SYDNEY (Reuters) – Asian shares crept higher on Thursday following a media report the United States and China have tentatively agreed to a truce ahead of a highly-anticipated weekend meeting of the two nations’ leaders in Tokyo.
The South China Morning Post (SCMP), citing sources, said Washington and Beijing were laying out an agreement that would help avert the next round of tariffs on an additional $300 billion of Chinese imports.
On Wednesday, U.S. President Donald Trump said a trade deal with his Chinese counterpart Xi Jinping was possible this weekend though he was prepared to impose tariffs on virtually all remaining Chinese imports if talks fail.
“But the truce cake seems to have been baked,” the SCMP cited one of its sources as saying.
Hopes the world’s two biggest economies would finally reach an agreement were enough to cheer investors, sending MSCI’s broadest index of Asia-Pacific shares outside Japan .MIAPJ0000PUS up 0.8%.
The rally in Asia filtered through to other regions as well. E-Minis for the S&P500 ESc1 climbed 0.4% in late Asian trading while futures Eurostoxx 50 STXEc1 rose 0.3% and those for London’s FTSE FFIc1 added 0.1%.
“A truce would be a short-run positive for markets,” analysts at Bank of America-Merrill Lynch wrote in a note. “But investors will likely start to worry unless we move toward a deal,” they added.
“In the medium term, however, the trade war will likely continue to erode business confidence, weighing on the United States, China and regions caught in the crossfire, such as Asia-Pacific and Europe.”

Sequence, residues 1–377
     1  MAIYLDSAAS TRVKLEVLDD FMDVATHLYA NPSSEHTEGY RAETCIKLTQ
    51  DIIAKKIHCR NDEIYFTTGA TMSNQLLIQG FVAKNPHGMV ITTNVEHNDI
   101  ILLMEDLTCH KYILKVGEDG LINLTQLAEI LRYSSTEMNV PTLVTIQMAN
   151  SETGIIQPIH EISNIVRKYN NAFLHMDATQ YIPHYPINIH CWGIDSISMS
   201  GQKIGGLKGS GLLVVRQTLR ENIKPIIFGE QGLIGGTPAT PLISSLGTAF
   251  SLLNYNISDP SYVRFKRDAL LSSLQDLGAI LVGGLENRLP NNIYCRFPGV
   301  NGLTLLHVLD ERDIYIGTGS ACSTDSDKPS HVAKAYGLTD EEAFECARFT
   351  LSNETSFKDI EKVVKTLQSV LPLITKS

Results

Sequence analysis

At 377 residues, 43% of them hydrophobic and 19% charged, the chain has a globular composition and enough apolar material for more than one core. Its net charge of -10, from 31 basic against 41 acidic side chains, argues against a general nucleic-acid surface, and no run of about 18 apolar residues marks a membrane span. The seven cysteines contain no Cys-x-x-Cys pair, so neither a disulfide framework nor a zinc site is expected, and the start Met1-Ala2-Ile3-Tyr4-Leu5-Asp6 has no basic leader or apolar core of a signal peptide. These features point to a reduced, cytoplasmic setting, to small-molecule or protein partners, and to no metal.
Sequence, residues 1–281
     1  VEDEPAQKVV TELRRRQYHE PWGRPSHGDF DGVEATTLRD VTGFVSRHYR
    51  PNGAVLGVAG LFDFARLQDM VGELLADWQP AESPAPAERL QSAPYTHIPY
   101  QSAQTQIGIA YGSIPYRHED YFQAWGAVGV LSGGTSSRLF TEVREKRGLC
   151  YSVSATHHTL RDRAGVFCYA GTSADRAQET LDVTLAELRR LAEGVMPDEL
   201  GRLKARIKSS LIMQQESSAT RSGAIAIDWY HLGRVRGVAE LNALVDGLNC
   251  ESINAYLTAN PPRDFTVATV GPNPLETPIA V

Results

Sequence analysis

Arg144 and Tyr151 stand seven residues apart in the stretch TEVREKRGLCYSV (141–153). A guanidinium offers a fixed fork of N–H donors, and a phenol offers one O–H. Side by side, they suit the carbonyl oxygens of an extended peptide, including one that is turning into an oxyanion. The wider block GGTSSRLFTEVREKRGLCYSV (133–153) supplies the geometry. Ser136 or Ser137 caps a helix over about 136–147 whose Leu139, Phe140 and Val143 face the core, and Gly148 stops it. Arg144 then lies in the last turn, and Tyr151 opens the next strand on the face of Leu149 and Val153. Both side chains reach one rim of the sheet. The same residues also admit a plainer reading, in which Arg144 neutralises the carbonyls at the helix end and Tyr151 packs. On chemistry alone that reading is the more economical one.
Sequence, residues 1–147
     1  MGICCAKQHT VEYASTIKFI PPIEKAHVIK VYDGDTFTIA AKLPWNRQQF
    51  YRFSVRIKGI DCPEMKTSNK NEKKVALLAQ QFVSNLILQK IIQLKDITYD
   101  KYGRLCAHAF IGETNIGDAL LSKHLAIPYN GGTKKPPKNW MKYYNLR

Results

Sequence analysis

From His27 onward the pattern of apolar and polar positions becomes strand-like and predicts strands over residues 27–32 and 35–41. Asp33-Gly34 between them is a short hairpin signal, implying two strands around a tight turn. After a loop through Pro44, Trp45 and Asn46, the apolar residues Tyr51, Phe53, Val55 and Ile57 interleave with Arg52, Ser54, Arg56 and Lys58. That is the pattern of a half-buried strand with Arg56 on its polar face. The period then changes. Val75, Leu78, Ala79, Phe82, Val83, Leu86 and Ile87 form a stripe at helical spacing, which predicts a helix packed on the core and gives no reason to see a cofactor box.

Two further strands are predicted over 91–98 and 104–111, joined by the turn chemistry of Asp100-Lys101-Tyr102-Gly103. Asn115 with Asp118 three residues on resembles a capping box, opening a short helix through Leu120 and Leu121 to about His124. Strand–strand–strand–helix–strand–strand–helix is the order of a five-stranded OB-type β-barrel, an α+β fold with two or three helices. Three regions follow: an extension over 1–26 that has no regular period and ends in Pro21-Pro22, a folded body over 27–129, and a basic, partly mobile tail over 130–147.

The trade row has already rattled investors who have ditched shares for the safety of bonds and gold this year. It has also prompted the U.S. Federal Reserve to shift course as it paused its rate tightenings and signaled a cut as soon as next month.
Many traders were still circumspect and expected the market to remain in a narrow range until after the weekend meeting of G20 leaders in Osaka, Japan, where Trump is also holding bilateral talks with other nations.
“Focus continues to be on the G20 meeting with a story in the SCMP…lifting the entire market, although the details suggest nothing has actually been agreed yet,” JPMorgan said in a note.
“Overall it seems more likely that tariffs are hiked than not, following the meeting, though the timing of this may be confused by a desire for positive optics.”
LESS THAN 50
Trump weighed into U.S. monetary policy on Wednesday, accusing Fed Chairman Jerome Powell of doing a “bad job” and “out to prove how tough he is” by not cutting interest rates.
Markets are convinced the Fed will indeed ease at its next meeting in July, but had to scale back bets on a half-point cut following cautious comments from various policy makers.
Futures are 100% priced for a cut of 25 basis points next month, and imply a 22% chance of 50 basis points.
The probability of a less aggressive Fed and expectations of a Sino-China trade truce helped ease the selling pressure on the U.S. dollar, which rose 0.2% to 96.348 on a basket of currencies from a three-month trough of 95.843.
The dollar bounced modestly against the yen to 108.13 and away from a low of 106.77. The euro likewise eased back to $1.13505 from a top of $1.1412.
The dollar’s gains took a little of the shine off gold, which broke a six-session winning stretch and eased to $1,403.94 per ounce.
Oil prices ran into profit-taking, having gained overnight on a larger-than-expected drawdown in crude stocks as exports hit a record high and surprise falls in refined product stockpiles.
Brent crude LCOc1 futures eased 23 cents to $66.26, while U.S. crude CLc1 lost 25 cents to $59.13 a barrel.
Editing by Sam Holmes & Shri Navaratnam
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